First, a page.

Reducing Information Pollution
One major issue is that everybody uses email, and email creates multiple “black holes” – isolated, locked repositories that email disappears into, never to be seen again, forever outside the reach of people who need it.
Recently I was invited to give a keynote lecture at the XV International Conference on University Libraries in Mexico City last month. The conference was dedicated to the changing role of university libraries, and their place in the United Nations’ “Agenda 2030” program. My lecture, titled “Libraries and Knowledge in the Age of Information Overload”, took a close look at the impact of today’s pervasive state of Information Overload on the academic library, and vice versa. Read more…
Last month I gave an invited keynote lecture at the XV International Conference on University Libraries at UNAM, the national university of Mexico. The conference theme was how libraries can face the challenges of the coming years, when infinite knowledge is available to anyone at the swipe of a smartphone screen, and continue to provide value to their users and to society; my keynote was to address the phenomenon of information overload and its repercussions for both libraries and users.
Information overload is a huge problem in today’s workplace.
It’s not uncommon for office workers to begin their day faced with dozens of new e-mail messages. Supervisors and managers have the additional burden of needing to review equipment spec sheets, read operational updates from staff and have industry magazines and association newsletters to go over.
Have you ever thought or said, “That service is the best kept secret on the North Shore?”
Are you looking for a service for your parent or yourself but are confused about where to start?
Access to information for seniors is crucial. Informed seniors are healthier, more involved in their communities and are knowledgeable about available services and benefits important in maintaining their independence. Knowing what your benefits are after you retire ensures you receive the most income from government sources. Knowing if you qualify for home support for personal care, home care nursing or rehab, palliative care, day programs for adults or respite for caregivers can ensure you receive the critical care you might require as your health needs change.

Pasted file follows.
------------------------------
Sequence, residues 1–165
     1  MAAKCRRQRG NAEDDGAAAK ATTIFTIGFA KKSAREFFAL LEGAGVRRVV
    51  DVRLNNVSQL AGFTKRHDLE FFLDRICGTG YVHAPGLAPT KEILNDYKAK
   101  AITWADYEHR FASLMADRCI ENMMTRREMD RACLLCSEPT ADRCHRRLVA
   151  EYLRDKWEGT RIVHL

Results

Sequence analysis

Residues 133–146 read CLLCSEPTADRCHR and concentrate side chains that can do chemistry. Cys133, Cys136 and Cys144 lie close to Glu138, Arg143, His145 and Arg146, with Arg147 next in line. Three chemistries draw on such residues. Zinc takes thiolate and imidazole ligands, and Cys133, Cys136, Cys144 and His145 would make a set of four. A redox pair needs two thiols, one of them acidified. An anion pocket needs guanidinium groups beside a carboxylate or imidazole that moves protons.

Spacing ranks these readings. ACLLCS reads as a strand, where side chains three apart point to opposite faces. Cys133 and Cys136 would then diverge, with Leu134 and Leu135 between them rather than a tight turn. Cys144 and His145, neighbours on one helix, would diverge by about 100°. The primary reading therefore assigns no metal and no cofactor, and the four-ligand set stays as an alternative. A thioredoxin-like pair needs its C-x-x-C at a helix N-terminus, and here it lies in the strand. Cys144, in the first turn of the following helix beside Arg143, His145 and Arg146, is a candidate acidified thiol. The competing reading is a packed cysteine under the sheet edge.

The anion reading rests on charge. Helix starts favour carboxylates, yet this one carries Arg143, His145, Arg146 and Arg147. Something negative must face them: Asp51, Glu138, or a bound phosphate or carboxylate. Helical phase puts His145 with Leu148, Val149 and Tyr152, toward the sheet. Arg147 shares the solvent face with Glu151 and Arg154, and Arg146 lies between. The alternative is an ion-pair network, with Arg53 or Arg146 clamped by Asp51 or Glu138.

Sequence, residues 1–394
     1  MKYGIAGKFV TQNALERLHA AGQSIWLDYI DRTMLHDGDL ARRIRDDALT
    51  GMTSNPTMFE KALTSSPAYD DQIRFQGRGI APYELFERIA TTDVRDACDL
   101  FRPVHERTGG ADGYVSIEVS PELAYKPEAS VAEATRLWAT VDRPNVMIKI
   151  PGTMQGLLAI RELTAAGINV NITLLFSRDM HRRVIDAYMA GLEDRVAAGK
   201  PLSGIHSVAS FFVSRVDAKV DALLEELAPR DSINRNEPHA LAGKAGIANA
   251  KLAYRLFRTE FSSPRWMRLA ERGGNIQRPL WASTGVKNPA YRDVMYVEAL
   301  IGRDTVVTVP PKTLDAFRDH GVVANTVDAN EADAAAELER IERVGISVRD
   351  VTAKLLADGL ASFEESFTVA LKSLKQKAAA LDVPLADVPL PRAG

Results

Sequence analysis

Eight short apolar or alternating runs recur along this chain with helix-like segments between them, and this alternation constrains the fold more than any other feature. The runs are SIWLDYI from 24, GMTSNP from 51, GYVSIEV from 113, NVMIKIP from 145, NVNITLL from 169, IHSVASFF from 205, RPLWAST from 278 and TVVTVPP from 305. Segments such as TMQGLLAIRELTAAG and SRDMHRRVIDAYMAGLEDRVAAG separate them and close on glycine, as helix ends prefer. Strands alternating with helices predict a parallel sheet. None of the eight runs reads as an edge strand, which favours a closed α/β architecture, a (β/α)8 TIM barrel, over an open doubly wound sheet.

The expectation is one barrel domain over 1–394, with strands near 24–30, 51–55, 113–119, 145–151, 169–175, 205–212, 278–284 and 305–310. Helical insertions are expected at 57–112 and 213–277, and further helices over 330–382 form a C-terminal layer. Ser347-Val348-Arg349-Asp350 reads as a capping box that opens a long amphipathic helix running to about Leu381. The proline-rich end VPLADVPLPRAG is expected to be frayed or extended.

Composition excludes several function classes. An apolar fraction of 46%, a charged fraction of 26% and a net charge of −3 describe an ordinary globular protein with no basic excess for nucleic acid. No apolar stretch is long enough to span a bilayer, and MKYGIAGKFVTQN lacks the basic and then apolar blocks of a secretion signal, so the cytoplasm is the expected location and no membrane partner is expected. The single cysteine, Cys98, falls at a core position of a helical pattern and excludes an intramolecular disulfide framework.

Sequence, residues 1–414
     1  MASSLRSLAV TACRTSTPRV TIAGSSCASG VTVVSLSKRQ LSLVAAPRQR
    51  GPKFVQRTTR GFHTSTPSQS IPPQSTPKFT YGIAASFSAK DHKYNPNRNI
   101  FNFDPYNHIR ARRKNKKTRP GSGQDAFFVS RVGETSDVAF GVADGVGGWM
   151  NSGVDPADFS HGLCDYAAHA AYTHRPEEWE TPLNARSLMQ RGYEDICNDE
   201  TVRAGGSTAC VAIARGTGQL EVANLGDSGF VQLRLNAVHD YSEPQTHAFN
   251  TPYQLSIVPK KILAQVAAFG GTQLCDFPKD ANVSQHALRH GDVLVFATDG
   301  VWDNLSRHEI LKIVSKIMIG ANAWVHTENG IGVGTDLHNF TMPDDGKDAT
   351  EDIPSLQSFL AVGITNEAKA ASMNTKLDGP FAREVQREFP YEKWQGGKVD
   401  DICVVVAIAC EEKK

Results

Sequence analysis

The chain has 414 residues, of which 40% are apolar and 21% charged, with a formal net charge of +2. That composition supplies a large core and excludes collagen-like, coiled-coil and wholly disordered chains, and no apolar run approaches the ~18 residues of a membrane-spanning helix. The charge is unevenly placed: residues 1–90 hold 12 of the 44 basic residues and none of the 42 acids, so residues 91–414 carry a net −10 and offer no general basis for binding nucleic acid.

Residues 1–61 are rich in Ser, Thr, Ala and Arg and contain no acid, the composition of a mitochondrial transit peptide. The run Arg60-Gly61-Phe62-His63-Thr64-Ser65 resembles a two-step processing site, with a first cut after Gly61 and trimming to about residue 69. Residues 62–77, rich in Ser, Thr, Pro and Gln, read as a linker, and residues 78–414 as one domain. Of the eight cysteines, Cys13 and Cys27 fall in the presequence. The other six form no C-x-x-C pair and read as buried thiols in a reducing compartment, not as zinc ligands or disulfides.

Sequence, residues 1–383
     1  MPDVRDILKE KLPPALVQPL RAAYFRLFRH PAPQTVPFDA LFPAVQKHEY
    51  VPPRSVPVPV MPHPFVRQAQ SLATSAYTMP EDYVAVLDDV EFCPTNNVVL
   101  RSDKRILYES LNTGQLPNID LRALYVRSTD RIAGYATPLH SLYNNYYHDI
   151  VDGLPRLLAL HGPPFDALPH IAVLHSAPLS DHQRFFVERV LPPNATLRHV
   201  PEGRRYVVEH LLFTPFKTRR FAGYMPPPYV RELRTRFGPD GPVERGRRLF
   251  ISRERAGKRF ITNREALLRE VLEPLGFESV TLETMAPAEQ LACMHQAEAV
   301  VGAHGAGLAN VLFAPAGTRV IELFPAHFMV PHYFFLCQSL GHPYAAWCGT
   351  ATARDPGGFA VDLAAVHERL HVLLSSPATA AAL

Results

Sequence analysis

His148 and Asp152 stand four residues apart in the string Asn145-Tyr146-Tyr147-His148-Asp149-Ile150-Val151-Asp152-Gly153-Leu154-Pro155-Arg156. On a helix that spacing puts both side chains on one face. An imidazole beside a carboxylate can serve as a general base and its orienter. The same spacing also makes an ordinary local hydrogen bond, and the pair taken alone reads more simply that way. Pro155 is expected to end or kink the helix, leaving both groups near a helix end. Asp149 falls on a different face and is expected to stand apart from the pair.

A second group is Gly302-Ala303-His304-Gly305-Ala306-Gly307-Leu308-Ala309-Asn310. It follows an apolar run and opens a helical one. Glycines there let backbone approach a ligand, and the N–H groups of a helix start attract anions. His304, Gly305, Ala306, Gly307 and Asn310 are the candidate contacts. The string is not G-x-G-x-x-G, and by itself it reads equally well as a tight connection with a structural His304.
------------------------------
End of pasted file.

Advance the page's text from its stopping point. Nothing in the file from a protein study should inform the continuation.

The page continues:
This decade has seen the rise of a more open, collaborative workplace—along with a wealth of both personal and company-provided tech tools to enable employees to thrive in these spaces. That said, many organizations still struggle to ensure that both their space and tech support best contribute to positive productivity, according to a recent survey from Oxford Economics and Plantronics. The resulting report, titled “When the Walls Come Down: How Smart Companies are Rewriting the Rules of the Open Workplace,” indicates that most executives said their office space was designed primarily to encourage collaboration.
Most companies are better at giving employees access to the information superhighway than at teaching them how to drive. This is starting to change. Management consultants have spotted an opportunity. Derek Dean and Caroline Webb of McKinsey urge businesses to embrace three principles to deal with data overload: find time to focus, filter out noise and forget about work when you can.
Technology revolutions come in measured, sometimes foot-dragging steps. The lab science and marketing enthusiasm tend to underestimate the bottlenecks to progress that must be overcome with hard work and practical engineering.
Since ancient times, the elusive concept of wisdom has figured prominently in philosophical and religious texts. The question remains compelling: What is wisdom, and how does it play out in individual lives? Most psychologists agree that if you define wisdom as maintaining positive well-being and kindness in the face of challenges, it is one of the most important qualities one can possess to age successfully — and to face physical decline and death.